Desert Lime is fast becoming a common ingredient in specialty food stores and is snapped up by chefs and cooks of all ranks. For generations, Australian aboriginals have eaten this vibrant fruit straight off the tree and the early European settlers would turn the Desert Lime into pantry items like chutneys, pickles and marmalades. Nowadays ’this native fruit is getting a little more recognition and finding its way into many different dishes across Australia, although is highly recommended to eat it raw off the tree.
A small bright green fruit that has a flavour reminiscent of a lime mixed with a cumquat is high in vitamins C and E and folate and adds a citrus burst to any dish that you wish to incorporate it into. The Desert Lime is easy to use as it does not require any preparation. Simply slice or leave whole and add it to your dish to get that unmistakable Aussie citrus flavour. This small punchy ingredient is perfect for your next salad dressing or a sauce for seafood. The versatility of this unique ingredient is not limited to savoury cooking, try adding it to your next sorbet or jam for a zingy punch of flavour.
With my Desert Lime Herb Salad, the acidity of the desert limes are balanced by the sweetness of the grapes which are a perfect complement for the delicate Tiger Prawns.
Tip: If you cannot get Tiger Prawns use good quality and locally sourced prawns as an alternative.
Place the ricotta, extra virgin olive oil and salt into a small mixing bowl and using a whisk whip the ricotta until everything is fully combined and you have a smooth consistency. You may have to add a dash of water to loosen the mix depending on what your ricotta is like, the mix should have the consistency of thick yoghurt. Check and adjust the seasoning if needed and set aside. This process can also be done in a food processor or using a stick blender.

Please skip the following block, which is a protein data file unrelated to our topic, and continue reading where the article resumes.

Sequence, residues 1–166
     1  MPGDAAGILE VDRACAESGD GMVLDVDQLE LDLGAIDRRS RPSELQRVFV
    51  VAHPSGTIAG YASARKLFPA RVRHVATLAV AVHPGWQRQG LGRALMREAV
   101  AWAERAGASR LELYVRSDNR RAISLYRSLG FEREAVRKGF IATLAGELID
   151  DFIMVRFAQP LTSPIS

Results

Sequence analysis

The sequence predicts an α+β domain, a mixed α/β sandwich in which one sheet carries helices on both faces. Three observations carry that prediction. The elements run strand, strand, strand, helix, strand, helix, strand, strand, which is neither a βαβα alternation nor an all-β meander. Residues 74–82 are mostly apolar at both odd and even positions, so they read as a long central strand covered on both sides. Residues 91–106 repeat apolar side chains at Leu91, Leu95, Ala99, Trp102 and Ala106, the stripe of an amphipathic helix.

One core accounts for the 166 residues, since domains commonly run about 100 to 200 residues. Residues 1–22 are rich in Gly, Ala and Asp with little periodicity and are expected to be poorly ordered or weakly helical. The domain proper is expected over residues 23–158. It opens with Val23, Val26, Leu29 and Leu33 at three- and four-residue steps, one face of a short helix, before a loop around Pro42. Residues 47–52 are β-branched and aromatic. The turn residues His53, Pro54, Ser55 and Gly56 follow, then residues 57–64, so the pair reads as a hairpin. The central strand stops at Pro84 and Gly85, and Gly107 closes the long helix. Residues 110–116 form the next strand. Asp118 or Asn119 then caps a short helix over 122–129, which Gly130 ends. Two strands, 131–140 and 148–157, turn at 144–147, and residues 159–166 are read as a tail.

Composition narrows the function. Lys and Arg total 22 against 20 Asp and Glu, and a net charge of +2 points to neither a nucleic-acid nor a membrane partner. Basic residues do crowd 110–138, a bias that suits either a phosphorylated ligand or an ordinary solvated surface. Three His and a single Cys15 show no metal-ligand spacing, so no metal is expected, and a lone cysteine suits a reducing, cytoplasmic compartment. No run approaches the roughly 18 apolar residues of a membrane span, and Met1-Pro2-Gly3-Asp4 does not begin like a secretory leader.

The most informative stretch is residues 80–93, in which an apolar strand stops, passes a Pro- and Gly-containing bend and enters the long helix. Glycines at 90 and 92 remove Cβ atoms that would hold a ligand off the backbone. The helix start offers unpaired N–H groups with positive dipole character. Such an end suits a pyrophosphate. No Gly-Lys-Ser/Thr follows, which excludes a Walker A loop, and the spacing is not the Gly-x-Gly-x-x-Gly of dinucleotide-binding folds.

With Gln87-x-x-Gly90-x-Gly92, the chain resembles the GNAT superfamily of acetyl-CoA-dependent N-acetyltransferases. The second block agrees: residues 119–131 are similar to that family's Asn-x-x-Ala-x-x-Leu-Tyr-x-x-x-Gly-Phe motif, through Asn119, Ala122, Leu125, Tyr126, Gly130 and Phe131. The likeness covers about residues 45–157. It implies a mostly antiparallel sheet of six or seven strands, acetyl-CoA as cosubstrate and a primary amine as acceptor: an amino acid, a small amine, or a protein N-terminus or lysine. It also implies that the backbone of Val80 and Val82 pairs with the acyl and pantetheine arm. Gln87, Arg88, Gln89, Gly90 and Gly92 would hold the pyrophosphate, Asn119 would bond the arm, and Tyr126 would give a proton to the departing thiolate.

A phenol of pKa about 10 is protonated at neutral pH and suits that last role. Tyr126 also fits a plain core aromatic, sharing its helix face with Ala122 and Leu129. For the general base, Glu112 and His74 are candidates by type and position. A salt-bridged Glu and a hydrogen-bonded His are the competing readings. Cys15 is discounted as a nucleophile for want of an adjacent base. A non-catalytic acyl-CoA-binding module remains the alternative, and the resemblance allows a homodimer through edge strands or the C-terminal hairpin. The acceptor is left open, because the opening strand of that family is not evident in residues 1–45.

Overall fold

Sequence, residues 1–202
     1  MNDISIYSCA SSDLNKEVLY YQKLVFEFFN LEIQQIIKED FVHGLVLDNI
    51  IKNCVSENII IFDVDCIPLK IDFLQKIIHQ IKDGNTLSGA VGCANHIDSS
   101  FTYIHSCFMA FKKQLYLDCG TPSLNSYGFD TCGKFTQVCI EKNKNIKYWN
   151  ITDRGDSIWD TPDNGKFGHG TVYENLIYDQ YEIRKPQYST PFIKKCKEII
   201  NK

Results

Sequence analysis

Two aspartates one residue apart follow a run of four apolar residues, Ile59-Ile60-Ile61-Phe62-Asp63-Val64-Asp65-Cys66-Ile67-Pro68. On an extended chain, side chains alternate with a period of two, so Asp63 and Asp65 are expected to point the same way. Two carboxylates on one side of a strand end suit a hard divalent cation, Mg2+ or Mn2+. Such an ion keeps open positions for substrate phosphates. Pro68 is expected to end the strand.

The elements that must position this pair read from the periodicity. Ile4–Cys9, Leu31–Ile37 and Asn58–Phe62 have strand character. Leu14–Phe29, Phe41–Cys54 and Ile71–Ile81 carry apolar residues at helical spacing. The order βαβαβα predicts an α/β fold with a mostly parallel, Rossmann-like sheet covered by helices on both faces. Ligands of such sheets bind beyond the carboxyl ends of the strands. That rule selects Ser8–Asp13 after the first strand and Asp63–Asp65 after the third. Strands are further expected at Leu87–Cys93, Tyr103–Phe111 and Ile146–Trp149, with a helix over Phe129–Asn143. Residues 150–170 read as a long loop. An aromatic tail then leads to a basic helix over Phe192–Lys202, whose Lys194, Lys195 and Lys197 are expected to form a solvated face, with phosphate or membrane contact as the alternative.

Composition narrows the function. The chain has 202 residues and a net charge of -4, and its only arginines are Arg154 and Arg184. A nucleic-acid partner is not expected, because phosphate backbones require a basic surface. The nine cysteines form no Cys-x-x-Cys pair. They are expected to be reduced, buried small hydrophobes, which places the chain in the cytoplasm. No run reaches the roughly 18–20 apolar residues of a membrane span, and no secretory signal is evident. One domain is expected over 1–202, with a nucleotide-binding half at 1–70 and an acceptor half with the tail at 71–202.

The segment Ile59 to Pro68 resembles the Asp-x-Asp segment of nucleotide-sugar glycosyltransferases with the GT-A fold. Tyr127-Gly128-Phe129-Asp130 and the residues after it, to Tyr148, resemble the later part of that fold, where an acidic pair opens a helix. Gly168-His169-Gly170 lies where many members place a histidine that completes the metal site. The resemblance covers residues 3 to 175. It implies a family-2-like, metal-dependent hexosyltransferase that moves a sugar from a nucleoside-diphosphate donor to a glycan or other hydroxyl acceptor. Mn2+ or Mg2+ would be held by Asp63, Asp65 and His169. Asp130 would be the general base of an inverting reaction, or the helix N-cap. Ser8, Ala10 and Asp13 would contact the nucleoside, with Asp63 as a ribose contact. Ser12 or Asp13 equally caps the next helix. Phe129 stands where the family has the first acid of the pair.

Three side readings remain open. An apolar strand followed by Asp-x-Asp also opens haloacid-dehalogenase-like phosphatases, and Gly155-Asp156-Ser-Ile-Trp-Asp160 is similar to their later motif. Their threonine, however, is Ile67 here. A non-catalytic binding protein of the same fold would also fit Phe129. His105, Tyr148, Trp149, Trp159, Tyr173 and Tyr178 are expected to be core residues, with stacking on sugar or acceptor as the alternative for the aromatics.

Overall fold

On a clean board and using a sharp knife cut the tops of the stems from the figs and discard then slice the figs lengthways into 4 or six segments each, depending on size.
Get a suitable platter or bowl from the cupboard and make a mound of the whipped ricotta to one side of your serving dish, scatter the fig segments around the rest of the dish. Do not be pedantic about the placement of the fig segments, you want the plate to look rustic.
Meanwhile bring the honey to the boil in a small saucepan over high heat with the lemon myrtle. Cook the honey for 3-4 minutes until you can smell the honey start to caramelise, allow to cool slightly and pour over the fig segments and whipped ricotta. You can drizzle extra virgin olive oil over the top of the dish before serving as an optional extra.